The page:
Shozo Ichiyama’s first two years as programming director of the Tokyo International Film Festival were overshadowed by travel restrictions sparked by a stubborn and deadly pandemic, but now he is looking to this edition of the festival to fully reflect the lineup revamp he has been working toward.
A well-connected film festival veteran and international producer, Ichiyama’s aims are for a coherent and connected film slate, along with making Tokyo a place where the industry from Asia and beyond come to meet.
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The latter aim takes a step toward being realized by the more than 600 overseas guests expected at the 2023 edition of the festival (compared to around 100 in 2022), and “more requests coming in every day,” with attendee numbers boosted by the return of an in-person TIFFCOM content market after a three-year pandemic-inflicted hiatus.
Meanwhile, with film production globally now firing again on all cylinders, there has been an increase in both the quality and quantity of the submissions to the fest this year, says Ichiyama: “I think the competition lineup is very much stronger than last year. There are more premieres this year too. It wasn’t intended; I just selected good films and it happened that they hadn’t been shown at other festivals yet.”
Ichiyama hails the return of Chinese films (three) to competition after censorship issues greatly reduced the number available for festivals everywhere last year. Personnel changes at the censorship bureau in China at the beginning of this year and post-pandemic recovery have helped greatly improve the situation, says Ichiyama. “There are also a lot of quality films from young Chinese filmmakers. We had to turn down some very good films from China this time.”
One of the new initiatives is the festival inviting students from around Asia to attend masterclasses in Tokyo with leading industry figures such as filmmaker Hirokazu Kore-eda, who will also oversee the TIFF Lounge series of talk shows for the fourth year. Ichiyama sees such events, along with filmmaking workshops for children (in its sixth year), as central pillars of the fest’s mission to contribute to the future of Asian cinema.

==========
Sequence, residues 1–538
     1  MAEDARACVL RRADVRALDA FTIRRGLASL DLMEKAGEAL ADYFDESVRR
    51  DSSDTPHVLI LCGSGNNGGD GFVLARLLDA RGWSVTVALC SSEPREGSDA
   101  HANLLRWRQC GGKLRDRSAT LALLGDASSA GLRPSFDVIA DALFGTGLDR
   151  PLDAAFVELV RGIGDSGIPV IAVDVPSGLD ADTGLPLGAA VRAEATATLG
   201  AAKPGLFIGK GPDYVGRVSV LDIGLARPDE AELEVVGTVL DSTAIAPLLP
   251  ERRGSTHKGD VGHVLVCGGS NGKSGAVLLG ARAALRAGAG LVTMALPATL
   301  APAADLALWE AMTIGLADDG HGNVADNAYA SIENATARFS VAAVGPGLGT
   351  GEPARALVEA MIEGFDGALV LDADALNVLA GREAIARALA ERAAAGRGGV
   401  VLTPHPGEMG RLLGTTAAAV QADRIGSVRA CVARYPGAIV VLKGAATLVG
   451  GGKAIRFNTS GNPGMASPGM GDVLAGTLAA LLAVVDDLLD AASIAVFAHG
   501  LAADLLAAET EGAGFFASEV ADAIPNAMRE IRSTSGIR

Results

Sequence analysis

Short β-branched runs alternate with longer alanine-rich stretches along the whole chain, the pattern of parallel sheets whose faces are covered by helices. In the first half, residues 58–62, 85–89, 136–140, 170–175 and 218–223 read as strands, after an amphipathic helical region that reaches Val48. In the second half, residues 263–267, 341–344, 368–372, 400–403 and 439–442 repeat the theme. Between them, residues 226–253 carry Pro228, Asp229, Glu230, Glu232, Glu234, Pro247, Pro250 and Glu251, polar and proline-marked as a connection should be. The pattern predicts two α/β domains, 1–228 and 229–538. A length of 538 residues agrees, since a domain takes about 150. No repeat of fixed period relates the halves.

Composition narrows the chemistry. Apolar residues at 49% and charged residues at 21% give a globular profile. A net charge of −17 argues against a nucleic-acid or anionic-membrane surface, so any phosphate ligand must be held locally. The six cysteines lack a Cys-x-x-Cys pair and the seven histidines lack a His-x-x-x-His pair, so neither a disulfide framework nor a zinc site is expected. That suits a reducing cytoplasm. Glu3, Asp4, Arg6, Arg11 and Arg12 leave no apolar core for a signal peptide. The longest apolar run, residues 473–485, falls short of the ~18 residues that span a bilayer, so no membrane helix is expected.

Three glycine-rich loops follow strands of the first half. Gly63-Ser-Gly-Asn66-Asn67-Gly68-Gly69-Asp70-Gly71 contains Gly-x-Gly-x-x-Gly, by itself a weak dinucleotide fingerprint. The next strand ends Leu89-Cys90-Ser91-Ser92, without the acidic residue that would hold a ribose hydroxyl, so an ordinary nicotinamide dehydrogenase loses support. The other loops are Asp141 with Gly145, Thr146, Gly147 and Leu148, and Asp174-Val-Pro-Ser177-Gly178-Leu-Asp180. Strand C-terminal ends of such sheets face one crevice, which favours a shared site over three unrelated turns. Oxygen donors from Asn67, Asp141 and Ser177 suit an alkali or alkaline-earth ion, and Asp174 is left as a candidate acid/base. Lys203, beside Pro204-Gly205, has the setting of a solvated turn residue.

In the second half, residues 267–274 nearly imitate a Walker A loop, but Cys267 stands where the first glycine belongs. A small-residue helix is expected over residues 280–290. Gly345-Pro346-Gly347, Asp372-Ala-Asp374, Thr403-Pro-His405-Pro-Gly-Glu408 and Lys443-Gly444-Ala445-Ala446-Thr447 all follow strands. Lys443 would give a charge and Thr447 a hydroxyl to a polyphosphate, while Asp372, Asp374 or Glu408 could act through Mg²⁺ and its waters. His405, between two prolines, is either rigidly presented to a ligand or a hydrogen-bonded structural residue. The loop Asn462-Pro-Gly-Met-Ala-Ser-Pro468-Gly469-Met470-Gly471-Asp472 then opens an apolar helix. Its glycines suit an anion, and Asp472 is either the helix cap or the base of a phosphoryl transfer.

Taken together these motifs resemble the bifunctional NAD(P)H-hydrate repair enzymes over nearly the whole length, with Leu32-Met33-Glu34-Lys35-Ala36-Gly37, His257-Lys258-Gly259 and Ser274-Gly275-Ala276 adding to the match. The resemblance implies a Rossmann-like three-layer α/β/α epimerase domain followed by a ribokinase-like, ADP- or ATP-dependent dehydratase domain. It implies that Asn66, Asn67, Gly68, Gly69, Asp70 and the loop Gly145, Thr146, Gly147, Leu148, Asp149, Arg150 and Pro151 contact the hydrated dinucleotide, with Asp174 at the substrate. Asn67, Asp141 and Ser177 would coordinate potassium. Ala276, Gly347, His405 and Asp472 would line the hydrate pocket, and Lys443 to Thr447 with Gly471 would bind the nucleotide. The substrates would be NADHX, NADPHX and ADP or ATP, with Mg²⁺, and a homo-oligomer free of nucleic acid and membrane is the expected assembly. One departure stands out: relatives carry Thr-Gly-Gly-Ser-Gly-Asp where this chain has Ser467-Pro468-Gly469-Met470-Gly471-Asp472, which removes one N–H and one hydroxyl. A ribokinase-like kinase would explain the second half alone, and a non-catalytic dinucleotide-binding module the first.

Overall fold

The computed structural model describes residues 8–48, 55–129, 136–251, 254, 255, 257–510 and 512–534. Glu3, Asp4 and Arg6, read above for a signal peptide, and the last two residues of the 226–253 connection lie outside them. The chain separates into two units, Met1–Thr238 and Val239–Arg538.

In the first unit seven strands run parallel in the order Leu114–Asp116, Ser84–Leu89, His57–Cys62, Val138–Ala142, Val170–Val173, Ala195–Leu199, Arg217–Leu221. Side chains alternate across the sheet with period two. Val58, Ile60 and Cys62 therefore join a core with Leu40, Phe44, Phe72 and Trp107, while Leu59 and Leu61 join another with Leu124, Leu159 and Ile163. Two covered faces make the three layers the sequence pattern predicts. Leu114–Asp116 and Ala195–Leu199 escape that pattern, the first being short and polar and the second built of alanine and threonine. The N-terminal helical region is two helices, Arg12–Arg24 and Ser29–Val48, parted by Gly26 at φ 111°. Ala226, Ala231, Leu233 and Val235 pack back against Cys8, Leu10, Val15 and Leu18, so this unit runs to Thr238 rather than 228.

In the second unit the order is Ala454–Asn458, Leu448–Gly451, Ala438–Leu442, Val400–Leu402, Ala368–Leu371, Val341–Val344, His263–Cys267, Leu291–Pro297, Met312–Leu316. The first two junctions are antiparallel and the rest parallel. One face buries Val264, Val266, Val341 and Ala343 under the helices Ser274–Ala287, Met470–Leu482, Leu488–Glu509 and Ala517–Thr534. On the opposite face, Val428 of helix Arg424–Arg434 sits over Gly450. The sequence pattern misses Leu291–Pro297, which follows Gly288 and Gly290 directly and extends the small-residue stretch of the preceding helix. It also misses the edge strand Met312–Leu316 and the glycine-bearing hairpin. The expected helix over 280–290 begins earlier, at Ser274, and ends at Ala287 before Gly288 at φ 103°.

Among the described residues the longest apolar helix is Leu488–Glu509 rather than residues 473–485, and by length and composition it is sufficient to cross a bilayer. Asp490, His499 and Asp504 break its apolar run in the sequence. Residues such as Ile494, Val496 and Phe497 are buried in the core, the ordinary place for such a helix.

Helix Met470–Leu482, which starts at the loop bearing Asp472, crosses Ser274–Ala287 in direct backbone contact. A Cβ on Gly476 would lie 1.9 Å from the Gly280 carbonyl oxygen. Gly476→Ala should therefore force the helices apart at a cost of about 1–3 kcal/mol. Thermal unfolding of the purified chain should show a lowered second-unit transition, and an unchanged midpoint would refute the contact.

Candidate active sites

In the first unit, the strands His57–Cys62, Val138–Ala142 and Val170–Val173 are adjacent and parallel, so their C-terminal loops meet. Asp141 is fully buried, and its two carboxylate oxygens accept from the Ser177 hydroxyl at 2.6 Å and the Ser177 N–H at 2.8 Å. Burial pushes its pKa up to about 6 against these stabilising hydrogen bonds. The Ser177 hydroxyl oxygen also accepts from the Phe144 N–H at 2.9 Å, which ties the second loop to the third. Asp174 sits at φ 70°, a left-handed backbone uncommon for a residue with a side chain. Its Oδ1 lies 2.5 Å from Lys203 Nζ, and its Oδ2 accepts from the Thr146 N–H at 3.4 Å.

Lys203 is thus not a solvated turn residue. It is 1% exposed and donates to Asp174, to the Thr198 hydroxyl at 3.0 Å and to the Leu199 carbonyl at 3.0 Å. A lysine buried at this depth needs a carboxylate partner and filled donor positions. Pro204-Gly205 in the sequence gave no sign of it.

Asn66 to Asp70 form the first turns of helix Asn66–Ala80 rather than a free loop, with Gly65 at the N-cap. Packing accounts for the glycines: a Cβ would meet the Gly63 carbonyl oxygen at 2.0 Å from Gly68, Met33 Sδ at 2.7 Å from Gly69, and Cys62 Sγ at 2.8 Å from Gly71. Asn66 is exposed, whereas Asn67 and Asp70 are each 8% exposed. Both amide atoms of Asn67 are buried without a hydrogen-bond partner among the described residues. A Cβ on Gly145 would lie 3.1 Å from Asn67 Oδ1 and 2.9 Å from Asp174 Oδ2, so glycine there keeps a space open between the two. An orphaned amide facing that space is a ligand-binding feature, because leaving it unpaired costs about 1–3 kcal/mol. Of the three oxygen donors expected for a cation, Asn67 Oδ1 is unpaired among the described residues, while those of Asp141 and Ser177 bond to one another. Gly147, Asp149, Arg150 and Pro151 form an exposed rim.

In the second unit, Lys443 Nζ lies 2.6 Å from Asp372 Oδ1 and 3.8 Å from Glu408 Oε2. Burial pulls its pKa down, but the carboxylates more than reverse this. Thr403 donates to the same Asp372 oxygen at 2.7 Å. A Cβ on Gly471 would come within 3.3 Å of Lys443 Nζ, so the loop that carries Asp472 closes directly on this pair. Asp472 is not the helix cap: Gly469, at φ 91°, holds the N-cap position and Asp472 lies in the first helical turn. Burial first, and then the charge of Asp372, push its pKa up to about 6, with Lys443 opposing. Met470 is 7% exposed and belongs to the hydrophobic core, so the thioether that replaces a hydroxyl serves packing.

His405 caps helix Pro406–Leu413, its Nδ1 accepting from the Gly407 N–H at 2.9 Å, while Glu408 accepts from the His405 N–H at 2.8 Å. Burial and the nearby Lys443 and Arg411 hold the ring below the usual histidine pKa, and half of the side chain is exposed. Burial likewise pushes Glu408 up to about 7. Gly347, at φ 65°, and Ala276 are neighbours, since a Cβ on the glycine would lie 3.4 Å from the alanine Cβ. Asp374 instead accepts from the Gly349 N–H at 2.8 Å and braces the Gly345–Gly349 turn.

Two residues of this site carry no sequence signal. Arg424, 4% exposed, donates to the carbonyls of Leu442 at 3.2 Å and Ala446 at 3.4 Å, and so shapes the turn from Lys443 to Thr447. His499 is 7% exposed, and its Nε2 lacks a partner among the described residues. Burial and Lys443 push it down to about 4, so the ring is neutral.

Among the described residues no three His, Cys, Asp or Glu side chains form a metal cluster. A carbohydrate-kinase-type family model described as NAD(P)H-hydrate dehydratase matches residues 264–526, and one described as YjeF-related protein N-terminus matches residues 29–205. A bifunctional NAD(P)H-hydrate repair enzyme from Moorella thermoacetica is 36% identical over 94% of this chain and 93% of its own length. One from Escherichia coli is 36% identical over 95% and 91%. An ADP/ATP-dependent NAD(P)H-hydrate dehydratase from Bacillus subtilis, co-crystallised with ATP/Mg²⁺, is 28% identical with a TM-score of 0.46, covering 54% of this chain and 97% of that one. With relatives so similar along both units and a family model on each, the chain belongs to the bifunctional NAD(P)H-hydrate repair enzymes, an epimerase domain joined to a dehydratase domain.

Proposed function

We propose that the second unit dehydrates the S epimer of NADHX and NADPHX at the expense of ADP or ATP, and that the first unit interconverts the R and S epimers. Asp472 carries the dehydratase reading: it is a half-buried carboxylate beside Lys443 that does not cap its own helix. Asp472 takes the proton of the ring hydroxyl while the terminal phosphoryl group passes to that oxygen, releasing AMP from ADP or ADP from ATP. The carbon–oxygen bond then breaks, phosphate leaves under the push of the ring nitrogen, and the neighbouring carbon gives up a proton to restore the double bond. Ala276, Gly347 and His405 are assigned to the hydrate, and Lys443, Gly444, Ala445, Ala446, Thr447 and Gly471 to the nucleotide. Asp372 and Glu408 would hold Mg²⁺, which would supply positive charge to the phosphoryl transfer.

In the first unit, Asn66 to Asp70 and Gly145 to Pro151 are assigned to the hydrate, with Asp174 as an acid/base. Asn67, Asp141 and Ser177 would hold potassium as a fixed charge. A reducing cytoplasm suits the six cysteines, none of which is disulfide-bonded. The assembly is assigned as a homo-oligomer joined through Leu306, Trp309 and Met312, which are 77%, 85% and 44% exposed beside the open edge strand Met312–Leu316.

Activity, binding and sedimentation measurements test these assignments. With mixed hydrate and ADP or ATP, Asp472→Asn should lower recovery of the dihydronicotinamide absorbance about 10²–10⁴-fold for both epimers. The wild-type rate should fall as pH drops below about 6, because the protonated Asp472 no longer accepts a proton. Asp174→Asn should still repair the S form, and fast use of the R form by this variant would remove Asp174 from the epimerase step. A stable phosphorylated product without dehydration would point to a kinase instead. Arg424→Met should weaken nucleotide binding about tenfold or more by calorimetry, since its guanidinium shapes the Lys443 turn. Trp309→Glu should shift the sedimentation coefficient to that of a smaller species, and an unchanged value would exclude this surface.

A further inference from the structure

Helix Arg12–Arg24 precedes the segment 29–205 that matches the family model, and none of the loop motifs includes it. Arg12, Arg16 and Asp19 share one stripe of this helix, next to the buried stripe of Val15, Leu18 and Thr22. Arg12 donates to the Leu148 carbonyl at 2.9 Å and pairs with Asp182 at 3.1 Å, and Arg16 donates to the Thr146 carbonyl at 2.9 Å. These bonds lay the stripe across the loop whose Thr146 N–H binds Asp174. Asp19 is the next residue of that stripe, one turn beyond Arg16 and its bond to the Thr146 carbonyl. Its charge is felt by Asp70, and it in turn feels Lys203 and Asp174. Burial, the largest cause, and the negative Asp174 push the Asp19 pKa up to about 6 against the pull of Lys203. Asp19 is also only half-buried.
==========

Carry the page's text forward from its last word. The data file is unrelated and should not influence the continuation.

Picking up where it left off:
However, the festival’s scope is not limited to Asia, and this year boasts a double dose of Wim Wenders, with his Tokyo-set Perfect Days as the opening film and the German auteur heading the jury for the main competition.
“When he was shooting Perfect Days in Japan last year, festival chairman [Yasuhiro] Ando asked him to be on the jury,” says Ichiyama. “Then during Berlin Film Festival Ando-san and I visited his office and he confirmed he would serve as head of the jury. Perfect Days was still in post-production … but we saw it in Cannes [where Koji Yakusho won best actor for his turn as a toilet cleaner] and we all loved it, so we’re very happy to have it as the opening film.”
A big fan of Yasujiro Ozu, the celebration of 120 years since the birth of the legendary director was probably another reason Wenders agreed to attend, says Ichiyama, who recalls that Wenders also appeared at the 90th-anniversary events in Tokyo 30 years ago.
Another change for this edition is the internationalization of the Japanese animation section, itself only launched a decade ago. “We realized there are so many good animation films from abroad,” says Ichiyama. “And we’ve invited many of the filmmakers, who will have symposiums with Japanese animators. It’s also a chance for Japanese audiences to experience animation from Europe, China and elsewhere.”
Ichiyama has high hopes that with guests from overseas up fivefold on last year, the industry now free of the last traces of the pandemic, and a rejigged and strengthened film line-up, this year’s edition will finally be close to the kind of event he and Ando are aiming for.
Says Ichiyama: “Tokyo film festival should be a meeting place both for professionals and young people who are aiming to be professionals… If younger people have a good experience at the festival and then go on to be filmmakers, we hope they will select TIFF to screen their films,” Ichiyama said.
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